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A simple story, and a villain Aquaman has little trouble defeating, but the pleasure here is in Cardy’s art.

Aquaman’s own comic had begun by this point, so he continued to appear despite the loss of this series.  The end of the strip was the result in a page cut, leaving the Martian Manhunter the sole back-up series.

Detective 294 – Batman fights Elemental Man, and Aquaman fights weird fish

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Batman fights a villain with the power to turn his body into any element in this Bill Finger/Sheldon Moldoff tale.

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Professor Higgin’s lab assistant, John Dolan, gets accidentally exposed to a gas that endows him with his element changing powers, and he starts to go insane.  Higgins builds him a belt that will control his changes.

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The professor works on trying to find a cure while Batman tries, and fails, to capture Dolan.

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Batman gets exposed to the gas, and also transforms into a element man.  Fearing he will go evil, Robin and Higgins lock him up, but he escapes as mercury and joins Dolan in his rampage.

The explanation for how Batman rigs the machine to drain Dolan’s powers is overly complex, it goes on for two pages.

Although this character never returned, he was one of the four villains to have new versions made of them as Strikeforce Kobra.  As well, his powers are essentially the same as those of Metamorpho, who would be introduced a few years down the road.

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Aquaman, Aqualad and Topo all return for this Nick Cardy story, in which a man claims to have trained bizarre sea creatures to respond only to him.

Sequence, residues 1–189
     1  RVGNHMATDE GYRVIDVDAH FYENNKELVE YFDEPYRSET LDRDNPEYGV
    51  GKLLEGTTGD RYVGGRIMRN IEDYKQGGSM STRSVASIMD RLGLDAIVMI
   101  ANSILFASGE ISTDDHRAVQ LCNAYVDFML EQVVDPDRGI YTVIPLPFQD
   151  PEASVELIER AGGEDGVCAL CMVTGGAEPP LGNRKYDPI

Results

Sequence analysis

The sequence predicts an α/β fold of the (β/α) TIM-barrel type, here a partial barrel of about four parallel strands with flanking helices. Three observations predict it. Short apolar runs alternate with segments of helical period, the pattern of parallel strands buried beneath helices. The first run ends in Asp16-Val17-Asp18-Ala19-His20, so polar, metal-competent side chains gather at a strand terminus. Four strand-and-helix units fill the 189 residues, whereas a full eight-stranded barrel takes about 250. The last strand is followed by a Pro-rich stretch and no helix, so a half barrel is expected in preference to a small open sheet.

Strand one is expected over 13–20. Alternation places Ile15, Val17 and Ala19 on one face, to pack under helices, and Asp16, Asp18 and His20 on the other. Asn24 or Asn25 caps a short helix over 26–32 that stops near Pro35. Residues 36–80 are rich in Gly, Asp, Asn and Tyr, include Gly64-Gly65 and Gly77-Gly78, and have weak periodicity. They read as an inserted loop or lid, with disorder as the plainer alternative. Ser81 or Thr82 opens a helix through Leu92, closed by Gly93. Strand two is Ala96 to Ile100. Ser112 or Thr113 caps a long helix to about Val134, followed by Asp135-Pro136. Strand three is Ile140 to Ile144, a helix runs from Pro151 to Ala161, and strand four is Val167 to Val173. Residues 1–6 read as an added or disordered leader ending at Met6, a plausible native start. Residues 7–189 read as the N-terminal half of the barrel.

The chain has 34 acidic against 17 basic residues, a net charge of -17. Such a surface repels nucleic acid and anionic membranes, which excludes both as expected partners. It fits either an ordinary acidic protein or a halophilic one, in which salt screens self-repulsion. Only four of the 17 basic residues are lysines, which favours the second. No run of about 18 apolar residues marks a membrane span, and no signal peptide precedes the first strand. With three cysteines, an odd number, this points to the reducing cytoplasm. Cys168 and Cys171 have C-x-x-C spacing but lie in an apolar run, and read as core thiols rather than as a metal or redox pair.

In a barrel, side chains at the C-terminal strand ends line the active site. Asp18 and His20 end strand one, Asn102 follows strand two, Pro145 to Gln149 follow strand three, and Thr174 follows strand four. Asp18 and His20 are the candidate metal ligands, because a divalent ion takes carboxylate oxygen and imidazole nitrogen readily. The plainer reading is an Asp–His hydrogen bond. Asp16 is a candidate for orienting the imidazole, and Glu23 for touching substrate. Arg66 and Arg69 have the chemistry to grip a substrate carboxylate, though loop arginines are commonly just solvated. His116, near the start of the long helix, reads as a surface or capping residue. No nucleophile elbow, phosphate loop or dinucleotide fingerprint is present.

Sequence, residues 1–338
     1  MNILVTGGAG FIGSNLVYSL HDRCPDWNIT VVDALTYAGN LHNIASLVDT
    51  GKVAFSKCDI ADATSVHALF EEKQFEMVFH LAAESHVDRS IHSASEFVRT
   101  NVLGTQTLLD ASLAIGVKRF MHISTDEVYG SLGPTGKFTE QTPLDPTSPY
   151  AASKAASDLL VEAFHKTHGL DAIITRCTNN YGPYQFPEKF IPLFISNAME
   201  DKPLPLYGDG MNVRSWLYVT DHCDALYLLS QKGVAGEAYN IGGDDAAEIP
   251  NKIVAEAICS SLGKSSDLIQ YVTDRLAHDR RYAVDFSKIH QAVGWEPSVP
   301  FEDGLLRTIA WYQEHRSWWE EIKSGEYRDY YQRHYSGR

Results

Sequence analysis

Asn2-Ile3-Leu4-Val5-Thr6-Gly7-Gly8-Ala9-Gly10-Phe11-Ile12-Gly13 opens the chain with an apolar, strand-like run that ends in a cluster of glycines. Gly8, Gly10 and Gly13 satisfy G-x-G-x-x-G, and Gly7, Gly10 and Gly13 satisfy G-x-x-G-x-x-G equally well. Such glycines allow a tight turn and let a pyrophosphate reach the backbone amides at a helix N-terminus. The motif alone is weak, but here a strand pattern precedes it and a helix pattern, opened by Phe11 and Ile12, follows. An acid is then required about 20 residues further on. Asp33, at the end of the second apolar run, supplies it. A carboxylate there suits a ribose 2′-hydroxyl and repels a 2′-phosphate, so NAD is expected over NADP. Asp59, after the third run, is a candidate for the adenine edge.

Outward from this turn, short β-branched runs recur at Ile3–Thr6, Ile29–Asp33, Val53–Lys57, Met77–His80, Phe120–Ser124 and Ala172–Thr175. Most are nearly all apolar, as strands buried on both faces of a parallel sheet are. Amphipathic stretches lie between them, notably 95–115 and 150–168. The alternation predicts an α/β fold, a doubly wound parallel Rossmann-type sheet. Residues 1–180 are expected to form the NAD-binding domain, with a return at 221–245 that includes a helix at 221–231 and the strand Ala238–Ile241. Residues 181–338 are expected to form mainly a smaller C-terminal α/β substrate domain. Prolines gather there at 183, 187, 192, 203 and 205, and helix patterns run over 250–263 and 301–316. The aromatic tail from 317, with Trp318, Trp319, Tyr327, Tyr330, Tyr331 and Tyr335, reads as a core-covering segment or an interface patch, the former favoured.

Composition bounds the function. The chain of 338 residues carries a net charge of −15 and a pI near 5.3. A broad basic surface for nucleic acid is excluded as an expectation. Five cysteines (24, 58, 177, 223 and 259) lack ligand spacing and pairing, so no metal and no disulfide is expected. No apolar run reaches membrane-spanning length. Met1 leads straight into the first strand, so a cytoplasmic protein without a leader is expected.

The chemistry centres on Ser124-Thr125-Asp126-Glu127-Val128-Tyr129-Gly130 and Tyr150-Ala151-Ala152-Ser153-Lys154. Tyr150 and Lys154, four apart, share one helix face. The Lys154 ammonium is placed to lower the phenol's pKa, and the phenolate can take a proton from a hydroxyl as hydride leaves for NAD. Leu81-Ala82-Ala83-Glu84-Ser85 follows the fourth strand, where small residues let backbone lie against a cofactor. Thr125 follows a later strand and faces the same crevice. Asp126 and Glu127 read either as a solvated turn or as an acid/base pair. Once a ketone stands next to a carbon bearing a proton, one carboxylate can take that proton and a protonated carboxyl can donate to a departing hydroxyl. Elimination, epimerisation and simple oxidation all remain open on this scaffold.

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It takes Aquaman only a couple of pages to figure out the creatures are robots, and defeat the liar.

 

 

Detective 293 – Batman on an alien planet, and Aquaman begins

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The Batman and Robin story in Detective 293 (July 1961), for all its adventure on an alien world, feels much like a re-write of a story from the 40s, “Destination Unknown.”

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As with the earlier tale, the story introduces four other passengers, along with Bruce and Dick.  One is a criminal on the run, two are fated to become lovers, and another is an older man who has given up on life.

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The earlier story was set on a train, but in this one they are all on a ferry boat, which abruptly gets teleported to an alien world.

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There each of them confront their inner demons, while Batman and Robin help one set of aliens use mind-control to dominate a different set of aliens.

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The story ends with the various characters changed forever.  Sheldon Moldoff did the art, but I wish I knew who wrote this story.

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Aquaman, riding a wave of popularity in the early 60s, begins a short run in Detective Comics in this issue.  He had a series in World’s Finest Comics at this time, and was also appearing in Showcase, about to launch into his own series.  The 6 page story in this issue, with lovely Nick Cardy art, has Aqualad and Topo in it as well.

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Together they capture the Sea Raider, who had been trying to kill the publisher of a local newspaper, who was out to expose the pirate.